Samaria Regional Council head Yossi Dagan has spent the last three-days at the Romanian-Ukrainian border to offer Jewish refugees the option of a home in his region of the West Bank.
“It’s heartbreaking to see hundreds of families, women and children, waiting for someone to help them, so they can finally lay their heads down in a place that can be called home,” Dagan said.
“I have heard from the refugees here about their fear of returning to the Ukrainian cities and villages from which they fled,” Dagan said, adding that they had also told him “about the incessant bombing and the anxiety.
“The heart of Samaria is open to accept our Ukrainian brothers,” he said.
Dagan traveled with a delegation of six people from the council, including Ukrainian speakers. The council is setting up a special team to help absorb families in Samaria.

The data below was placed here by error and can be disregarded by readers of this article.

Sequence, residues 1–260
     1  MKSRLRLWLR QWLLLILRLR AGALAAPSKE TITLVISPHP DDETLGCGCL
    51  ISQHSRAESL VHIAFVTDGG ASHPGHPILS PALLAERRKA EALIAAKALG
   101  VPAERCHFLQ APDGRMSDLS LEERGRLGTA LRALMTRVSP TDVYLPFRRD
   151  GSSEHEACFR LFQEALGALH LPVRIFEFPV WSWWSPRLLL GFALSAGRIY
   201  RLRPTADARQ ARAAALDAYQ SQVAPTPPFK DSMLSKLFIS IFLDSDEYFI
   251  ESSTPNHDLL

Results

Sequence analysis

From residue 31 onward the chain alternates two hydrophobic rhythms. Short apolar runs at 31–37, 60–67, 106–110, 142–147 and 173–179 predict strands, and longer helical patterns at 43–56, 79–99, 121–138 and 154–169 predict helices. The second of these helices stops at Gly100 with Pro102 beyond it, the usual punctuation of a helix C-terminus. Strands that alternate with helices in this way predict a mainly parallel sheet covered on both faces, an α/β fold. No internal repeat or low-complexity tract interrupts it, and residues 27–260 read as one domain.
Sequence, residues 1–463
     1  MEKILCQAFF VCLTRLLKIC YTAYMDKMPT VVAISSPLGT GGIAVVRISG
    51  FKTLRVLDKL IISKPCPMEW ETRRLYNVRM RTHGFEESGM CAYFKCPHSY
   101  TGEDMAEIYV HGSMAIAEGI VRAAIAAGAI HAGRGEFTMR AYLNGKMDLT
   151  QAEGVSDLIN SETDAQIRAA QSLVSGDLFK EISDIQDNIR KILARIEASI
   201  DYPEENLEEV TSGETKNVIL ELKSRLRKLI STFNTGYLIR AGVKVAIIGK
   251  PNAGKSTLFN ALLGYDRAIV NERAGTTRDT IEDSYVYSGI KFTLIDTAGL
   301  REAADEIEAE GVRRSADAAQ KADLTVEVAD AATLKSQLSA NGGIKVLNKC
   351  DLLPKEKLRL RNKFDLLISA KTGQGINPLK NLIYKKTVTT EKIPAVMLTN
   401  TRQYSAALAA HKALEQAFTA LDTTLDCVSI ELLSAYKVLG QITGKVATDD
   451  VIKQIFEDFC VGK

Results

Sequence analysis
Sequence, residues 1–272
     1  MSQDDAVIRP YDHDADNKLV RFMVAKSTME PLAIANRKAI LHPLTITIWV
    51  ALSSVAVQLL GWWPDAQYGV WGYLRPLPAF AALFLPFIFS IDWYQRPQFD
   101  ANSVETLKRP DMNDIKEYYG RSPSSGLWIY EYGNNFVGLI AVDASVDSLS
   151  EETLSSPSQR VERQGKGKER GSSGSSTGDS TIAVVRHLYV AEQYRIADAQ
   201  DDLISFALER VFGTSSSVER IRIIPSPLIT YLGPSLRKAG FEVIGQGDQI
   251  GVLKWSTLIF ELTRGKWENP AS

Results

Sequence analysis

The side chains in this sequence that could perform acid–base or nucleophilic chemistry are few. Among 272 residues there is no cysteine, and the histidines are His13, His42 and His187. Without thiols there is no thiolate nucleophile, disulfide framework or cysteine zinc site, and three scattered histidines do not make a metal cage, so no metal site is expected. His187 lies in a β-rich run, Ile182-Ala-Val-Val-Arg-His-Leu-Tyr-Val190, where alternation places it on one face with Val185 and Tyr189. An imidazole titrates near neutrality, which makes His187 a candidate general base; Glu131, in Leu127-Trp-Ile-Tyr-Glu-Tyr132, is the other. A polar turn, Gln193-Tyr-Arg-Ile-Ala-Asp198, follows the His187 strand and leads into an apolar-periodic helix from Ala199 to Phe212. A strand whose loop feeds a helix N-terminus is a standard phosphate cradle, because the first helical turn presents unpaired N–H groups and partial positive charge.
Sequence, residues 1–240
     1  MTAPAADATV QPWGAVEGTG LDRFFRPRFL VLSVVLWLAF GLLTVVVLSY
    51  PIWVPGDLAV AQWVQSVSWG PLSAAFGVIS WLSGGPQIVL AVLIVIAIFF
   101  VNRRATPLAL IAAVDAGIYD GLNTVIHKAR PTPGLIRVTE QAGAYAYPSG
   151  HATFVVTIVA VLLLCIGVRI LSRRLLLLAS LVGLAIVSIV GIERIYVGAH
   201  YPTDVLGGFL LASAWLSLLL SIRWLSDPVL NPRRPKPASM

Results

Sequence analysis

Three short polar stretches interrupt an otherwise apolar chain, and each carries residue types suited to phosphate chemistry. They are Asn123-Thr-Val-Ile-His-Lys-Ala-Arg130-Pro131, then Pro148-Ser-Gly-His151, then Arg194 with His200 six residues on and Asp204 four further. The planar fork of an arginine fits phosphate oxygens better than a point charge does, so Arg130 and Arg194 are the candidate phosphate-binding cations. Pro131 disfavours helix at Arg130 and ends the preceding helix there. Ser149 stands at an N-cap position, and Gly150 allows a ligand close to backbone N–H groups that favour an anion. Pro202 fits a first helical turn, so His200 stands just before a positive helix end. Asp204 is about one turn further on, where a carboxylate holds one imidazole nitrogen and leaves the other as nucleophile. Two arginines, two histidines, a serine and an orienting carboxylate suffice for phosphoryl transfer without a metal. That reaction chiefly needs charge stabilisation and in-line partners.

Some four families from Ukraine have already moved into the settlements of Yitzhar and Revava.
The Gush Etzion Regional Council has also sought to absorb the new immigrants.
Israel is preparing for the possible influx of 100,000 Jewish refugees from Ukraine, with settler leaders hoping that a portion of those new immigrants will move into Judea and Samaria.
The potential of a new immigration wave comes at a time when the growth rate in the settlements has been dropping, hitting an all-time low of 2.3% in 2020, according to data from the Central Bureau of Statistics, down from 5% in 2012.